CU knows the Cowboys will line up and try and run at them. The Buffs' defensive line isn't particularly big, but it is perhaps the best line that OSU will have faced to date.

However, the CU linebackers will key how successful the Buffs are at slowing Oklahoma State's running game.

Linebacker Thaddaeus Washington could play a big role in Saturday's game vs. Oklahoma State.
Photo: Buffalo Sports News

Sophomore LB Thaddaeus Washington had his best, most consistent game of the season vs. Missouri last week. He's the Buffs' best run stuffer at linebacker. His size and hitting ability means he matches up well with the OSU run game. Expect TWash to see the field earlier this Saturday, and if he proves effective, expect him to stay in the game longer.

His position coach Brian Cabral on Wednesday said: "This is a Thaddaeus Washington kind of game. We're going to need him to play well."

And the entire Colorado linebacking crew will have to bring it's A game if CU is to have success slowing OSU.

Cabral said, "Anytime you got a team that dares you to stop them, you like that kind of challenge. It's a linebacker kind of a game. If a linebacker doesn't get excited about a game like this, then you've got to question whether or not he really wants to be a linebacker."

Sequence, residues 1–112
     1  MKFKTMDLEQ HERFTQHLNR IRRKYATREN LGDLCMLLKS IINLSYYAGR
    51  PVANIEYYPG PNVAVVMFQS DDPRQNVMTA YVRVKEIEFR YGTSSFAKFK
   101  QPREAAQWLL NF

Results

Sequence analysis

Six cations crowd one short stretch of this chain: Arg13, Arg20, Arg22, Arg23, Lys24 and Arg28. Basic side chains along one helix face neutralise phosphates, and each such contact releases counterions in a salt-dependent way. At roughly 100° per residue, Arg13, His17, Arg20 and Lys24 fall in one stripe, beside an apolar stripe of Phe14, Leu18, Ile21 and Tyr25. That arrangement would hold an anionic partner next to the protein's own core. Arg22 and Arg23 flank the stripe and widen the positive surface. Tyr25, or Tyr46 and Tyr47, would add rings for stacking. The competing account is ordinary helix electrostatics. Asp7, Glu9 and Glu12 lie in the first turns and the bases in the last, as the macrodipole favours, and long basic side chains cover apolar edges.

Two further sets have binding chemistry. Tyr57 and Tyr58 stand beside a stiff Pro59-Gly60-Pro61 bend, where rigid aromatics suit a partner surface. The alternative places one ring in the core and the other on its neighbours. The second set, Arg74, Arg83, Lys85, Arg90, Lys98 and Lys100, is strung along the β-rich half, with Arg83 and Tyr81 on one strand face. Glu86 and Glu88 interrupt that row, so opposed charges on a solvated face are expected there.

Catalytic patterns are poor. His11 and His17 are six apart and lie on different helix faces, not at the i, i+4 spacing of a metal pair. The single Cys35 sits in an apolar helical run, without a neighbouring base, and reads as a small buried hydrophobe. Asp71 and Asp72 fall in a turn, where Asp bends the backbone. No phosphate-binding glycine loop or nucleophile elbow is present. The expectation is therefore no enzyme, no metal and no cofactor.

Don't get burned on the pass play
With so much attention being put on stopping the run game, the Colorado corners can't get sucked into coming up and helping out there before it's necessary. CU DB coach Craig Bray has been harping on that fact in practice this week.

"Some people say you've got it easy this week, but I say it's a tough one because they run, and run, and run and then they play-action or bootleg or something," Bray said. "You get focused on the run and then you forget to look at your keys. It's scary.

Our practice has to emphasize the run so we don't get as much practice in the pass game. It's something we're talking about as a secondary. The thing is you never lose your focus. The key is to get them into third down and then we'll have an idea."